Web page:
Can “Fake” News Get Injected Into Financial Journalism?

Stephanie Ruhle of CNBC

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A recent study conducted by Stanford University’s Graduate School of Education found that students could not differentiate between “fake” news, defined as sponsored content on web sites, from real news prepared by attributable journalistic sources and legitimate news outlets.

Based on their study of over 7,800 middle school, high school and college undergraduate students in 12 states who were asked to evaluate information presented in tweets, photos, comments and articles on social media, the researchers correctly concluded that this inability to tell real from fake news is a threat to democracy.

This sets the foundation for  the  very conservative, politically slanted financial journalism which dominates the airwaves today.

Based on one aspect of the study regarding photos, he lead author of the study, Sam Wineburg, said “they (the students in the study) didn’t ask where it came from. They didn’t verify it. They simply accepted the picture as fact.”

Facebook was also cited as being particularly susceptible to fake news, and even a sponsored news story on Slate got more credibility than a real news story. In this instance, the study found that but more than 80% of the middle schoolers who saw the Slate story believed the “sponsored content” article was a real news story. They could not tell the difference between fact and fiction.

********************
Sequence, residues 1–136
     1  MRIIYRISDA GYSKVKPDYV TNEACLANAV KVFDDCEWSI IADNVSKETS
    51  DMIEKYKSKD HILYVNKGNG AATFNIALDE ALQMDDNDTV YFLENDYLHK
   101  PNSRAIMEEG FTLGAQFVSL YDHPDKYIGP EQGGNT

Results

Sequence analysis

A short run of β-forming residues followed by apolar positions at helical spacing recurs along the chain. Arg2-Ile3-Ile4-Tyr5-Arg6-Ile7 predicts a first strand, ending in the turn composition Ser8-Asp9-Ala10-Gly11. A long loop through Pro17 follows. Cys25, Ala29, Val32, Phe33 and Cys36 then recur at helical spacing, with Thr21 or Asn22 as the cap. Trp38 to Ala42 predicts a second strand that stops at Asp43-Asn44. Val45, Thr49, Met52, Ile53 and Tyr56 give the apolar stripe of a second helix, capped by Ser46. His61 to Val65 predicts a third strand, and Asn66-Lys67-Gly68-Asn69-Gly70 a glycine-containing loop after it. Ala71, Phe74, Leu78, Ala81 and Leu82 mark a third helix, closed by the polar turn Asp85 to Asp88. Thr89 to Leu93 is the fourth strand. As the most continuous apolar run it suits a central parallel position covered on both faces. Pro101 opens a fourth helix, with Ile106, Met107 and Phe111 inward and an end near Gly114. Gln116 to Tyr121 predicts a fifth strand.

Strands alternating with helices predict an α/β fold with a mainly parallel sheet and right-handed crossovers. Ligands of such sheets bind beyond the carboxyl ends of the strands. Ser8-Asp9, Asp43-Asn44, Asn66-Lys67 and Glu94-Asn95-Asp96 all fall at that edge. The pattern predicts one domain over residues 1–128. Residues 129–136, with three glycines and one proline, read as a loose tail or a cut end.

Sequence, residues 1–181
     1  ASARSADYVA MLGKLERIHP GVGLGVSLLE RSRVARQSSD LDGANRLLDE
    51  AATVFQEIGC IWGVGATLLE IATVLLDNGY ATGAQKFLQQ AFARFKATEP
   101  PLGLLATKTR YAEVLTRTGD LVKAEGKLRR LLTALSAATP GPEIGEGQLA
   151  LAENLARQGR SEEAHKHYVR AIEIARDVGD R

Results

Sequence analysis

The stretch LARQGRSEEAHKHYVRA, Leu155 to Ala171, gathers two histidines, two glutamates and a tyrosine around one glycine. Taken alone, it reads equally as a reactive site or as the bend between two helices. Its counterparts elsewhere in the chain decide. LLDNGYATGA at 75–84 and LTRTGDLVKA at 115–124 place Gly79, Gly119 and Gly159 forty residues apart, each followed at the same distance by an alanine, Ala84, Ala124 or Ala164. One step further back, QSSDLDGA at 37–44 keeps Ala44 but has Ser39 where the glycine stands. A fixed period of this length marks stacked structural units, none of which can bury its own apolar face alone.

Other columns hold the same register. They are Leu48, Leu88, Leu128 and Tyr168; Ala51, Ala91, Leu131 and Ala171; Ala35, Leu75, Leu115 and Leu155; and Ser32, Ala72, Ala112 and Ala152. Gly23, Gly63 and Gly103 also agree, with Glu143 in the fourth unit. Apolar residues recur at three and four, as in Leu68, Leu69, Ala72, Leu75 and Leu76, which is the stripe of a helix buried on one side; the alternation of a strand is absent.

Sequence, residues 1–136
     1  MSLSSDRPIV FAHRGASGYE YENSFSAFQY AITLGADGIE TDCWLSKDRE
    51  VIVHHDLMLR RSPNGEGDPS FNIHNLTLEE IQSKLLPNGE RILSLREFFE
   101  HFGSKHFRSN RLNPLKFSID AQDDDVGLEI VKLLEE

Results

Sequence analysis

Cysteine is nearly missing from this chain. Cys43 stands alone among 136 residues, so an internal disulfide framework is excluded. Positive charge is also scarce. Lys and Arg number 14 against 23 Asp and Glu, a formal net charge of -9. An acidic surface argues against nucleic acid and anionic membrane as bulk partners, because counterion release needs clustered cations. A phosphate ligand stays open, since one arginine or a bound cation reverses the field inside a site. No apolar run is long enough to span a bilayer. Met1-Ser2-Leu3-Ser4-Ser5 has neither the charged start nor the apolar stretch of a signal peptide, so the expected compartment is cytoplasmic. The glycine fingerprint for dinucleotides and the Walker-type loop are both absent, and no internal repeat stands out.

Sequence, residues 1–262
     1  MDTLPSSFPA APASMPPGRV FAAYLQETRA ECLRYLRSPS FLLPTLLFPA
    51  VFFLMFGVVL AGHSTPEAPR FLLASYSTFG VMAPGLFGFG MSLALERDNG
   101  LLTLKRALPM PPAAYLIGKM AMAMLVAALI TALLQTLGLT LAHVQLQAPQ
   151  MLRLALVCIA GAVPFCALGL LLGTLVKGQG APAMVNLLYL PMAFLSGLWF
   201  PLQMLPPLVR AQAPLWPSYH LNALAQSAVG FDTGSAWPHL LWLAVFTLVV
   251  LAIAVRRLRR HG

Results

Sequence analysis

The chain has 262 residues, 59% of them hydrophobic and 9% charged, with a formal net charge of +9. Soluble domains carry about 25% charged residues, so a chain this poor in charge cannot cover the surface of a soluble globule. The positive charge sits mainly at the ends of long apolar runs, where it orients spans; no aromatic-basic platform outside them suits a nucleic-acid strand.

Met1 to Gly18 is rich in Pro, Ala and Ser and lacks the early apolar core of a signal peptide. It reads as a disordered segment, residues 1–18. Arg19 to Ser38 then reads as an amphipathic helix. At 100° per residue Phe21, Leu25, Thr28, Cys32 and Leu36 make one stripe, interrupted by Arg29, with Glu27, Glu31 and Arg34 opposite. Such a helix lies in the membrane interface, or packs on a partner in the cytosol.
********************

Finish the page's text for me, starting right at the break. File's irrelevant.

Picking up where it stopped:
Who Is To Blame?

Fake and intentionally misleading news stories are now being blamed for tipping the presidential election in favor of one candidate and against another.  In financial journalism, however, there are stronger safeguards against misleading stories, but the industry is not above being duped for the sake of stock manipulation, company malignment, and reputational damage.  But as the general and political news has become more politicized, there could be signs that financial news may be more politicized albeit in more subtle ways.

This can take the form of the subtle commentary, outdated journalism practices that now commonly accompanies straight news or

Larry Kudlow of CNBC. Never met a corporation he did not like.